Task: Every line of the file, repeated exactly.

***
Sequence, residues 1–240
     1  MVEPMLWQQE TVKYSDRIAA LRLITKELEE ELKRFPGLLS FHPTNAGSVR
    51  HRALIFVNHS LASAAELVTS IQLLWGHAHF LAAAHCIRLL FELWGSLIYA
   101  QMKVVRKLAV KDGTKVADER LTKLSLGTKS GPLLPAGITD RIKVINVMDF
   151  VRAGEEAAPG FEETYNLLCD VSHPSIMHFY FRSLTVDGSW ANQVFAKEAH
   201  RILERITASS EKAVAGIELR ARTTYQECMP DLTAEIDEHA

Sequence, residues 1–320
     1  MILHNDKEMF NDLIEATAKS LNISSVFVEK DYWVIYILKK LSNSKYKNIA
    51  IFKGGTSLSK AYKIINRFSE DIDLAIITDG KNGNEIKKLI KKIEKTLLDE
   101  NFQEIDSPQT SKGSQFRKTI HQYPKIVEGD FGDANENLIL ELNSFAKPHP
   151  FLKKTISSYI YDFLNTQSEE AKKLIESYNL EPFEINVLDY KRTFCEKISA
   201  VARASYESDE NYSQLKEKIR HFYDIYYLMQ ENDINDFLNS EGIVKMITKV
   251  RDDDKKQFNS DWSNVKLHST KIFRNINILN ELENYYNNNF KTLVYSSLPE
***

Sequence, residues 1–240
     1  MVEPMLWQQE TVKYSDRIAA LRLITKELEE ELKRFPGLLS FHPTNAGSVR
    51  HRALIFVNHS LASAAELVTS IQLLWGHAHF LAAAHCIRLL FELWGSLIYA
   101  QMKVVRKLAV KDGTKVADER LTKLSLGTKS GPLLPAGITD RIKVINVMDF
   151  VRAGEEAAPG FEETYNLLCD VSHPSIMHFY FRSLTVDGSW ANQVFAKEAH
   201  RILERITASS EKAVAGIELR ARTTYQECMP DLTAEIDEHA

Sequence, residues 1–320
     1  MILHNDKEMF NDLIEATAKS LNISSVFVEK DYWVIYILKK LSNSKYKNIA
    51  IFKGGTSLSK AYKIINRFSE DIDLAIITDG KNGNEIKKLI KKIEKTLLDE
   101  NFQEIDSPQT SKGSQFRKTI HQYPKIVEGD FGDANENLIL ELNSFAKPHP
   151  FLKKTISSYI YDFLNTQSEE AKKLIESYNL EPFEINVLDY KRTFCEKISA
   201  VARASYESDE NYSQLKEKIR HFYDIYYLMQ ENDINDFLNS EGIVKMITKV
   251  RDDDKKQFNS DWSNVKLHST KIFRNINILN ELENYYNNNF KTLVYSSLPE